Evidence for Learning: Four steps for using the Teaching & Learning Toolkit

Four steps for using the Teaching & Learning Toolkit

One school’s experience of selecting and implementing an evidence-informed approach to meet their students’ needs.

One school’s experience of selecting and implementing an evidence-informed approach to meet their students’ needs.

Blog •3 minutes •

This blog has been written for leaders who are new to the E4L Teaching & Learning Toolkit (the Toolkit). It features one leader’s experience of working through a four-step decision-making process when using the Toolkit.

Finding evidence-informed approaches to improve learning outcomes for your students can be a confusing and time-consuming process. The E4L Teaching & Learning Toolkit is a credible, easy-to-use resource that supports school leaders make informed decisions about approaches for their context.

The Toolkit is an accessible synthesis of high-quality evidence from Australia and abroad. Each strand’ in the Toolkit is informed by a systematic review of the research literature. The findings are synthesised, and concise summaries are presented in a consistent way. Toolkit strands have information about the average student learning progress (measured in months’ impact), evidence strength, and average cost of the approach.

In order to get the most out of the Toolkit, we recommend you use a four-step decision-making process with your colleagues. Michael Rosenbrock shares his experience of the working through the process from his time as Assistant Principal at Wodonga Senior Secondary College– a government school in regional Victoria for students in years 10 – 12, that has an ICSEA value of 871.

Step 1: Consider your context and what you want to achieve

At Wodonga Senior Secondary College, teachers and students were providing feedback which suggested that when our students were getting stuck with their learning, they didn’t have the appropriate strategies or language to overcome these challenges.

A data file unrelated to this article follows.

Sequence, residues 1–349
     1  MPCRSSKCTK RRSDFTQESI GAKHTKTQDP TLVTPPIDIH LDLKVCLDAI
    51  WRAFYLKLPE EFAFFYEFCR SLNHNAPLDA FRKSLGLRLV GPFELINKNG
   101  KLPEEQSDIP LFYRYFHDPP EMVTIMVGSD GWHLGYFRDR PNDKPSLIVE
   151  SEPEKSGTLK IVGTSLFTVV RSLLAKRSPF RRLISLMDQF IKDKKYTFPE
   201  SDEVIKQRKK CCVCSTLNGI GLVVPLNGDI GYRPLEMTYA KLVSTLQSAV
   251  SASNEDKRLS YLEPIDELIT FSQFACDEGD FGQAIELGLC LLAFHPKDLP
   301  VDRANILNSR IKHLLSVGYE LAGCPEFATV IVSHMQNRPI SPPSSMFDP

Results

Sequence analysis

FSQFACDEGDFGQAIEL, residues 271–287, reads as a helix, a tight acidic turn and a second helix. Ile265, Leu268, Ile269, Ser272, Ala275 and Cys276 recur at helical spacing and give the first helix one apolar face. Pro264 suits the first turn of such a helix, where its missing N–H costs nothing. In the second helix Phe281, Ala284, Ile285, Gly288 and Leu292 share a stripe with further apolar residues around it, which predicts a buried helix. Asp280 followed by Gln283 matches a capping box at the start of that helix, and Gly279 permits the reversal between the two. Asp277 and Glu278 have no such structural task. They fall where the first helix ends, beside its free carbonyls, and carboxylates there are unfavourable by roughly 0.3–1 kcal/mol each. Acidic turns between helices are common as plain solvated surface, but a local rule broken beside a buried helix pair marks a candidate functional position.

It was clear to us that to address this situation we needed to look beyond what we were already doing. We turned to the Toolkit to examine what the research evidence said about possible interventions to support our students.”

Step 2: Look behind the headlines and think about what is behind the average’

Once we had an idea of what we wanted to work towards, we looked through the Toolkit to find approaches that might be relevant. This led us to metacognition and self-regulation.

When we looked at the Toolkit strand in more detail, we saw alignment between what we were already doing and what we wanted to work towards. For example, metacognitive and self-regulatory approaches can be more effective when applied as part of the curriculum, and when teachers model their own thought processes to explain their thinking and develop students’ metacognitive talk – these examples linked nicely with work we were already trying to implement around literacy.

The other thing we were interested in was the impact on students experiencing disadvantage. Evidence in the Toolkit demonstrated that students experiencing disadvantage were less likely to use metacognitive and self-regulatory strategies, which was also fitting with our experience as a school with a high level of disadvantage.

By looking into the evidence, we were able to not just refine our thinking, but also see how it fit into the bigger picture of our own work.”

Step 3: Think about cost and evidence as well as impact

Metacognition and self-regulation appealed to us because it has significant impact on student outcomes, an extensive evidence base, and could be implemented at a very low cost. In our eyes, it was a standout.”

Step 4: Draw on your professional expertise and consider implementation

Adopting a new approach takes careful planning and consideration of ongoing implementation and monitoring. This was the case for us – we completed professional development on metacognition and self-regulation with E4L, right before the COVID-19 pandemic hit.

We had to adjust our implementation plan extensively. However, the strength of having a plan in place that outlined our approach to monitoring and evaluating was then being able to adjust it to meet our needs as our circumstances changed.”

Want more?

We recommend reading and using the Putting evidence to work: a school’s guide to implementation guidance report which includes recommendations and support for effective implementation.

Start exploring the E4L Teaching & Learning Toolkit.

Learn more about how Michael and the team at Wodonga Senior Secondary College implemented metacognition and self-regulation approaches.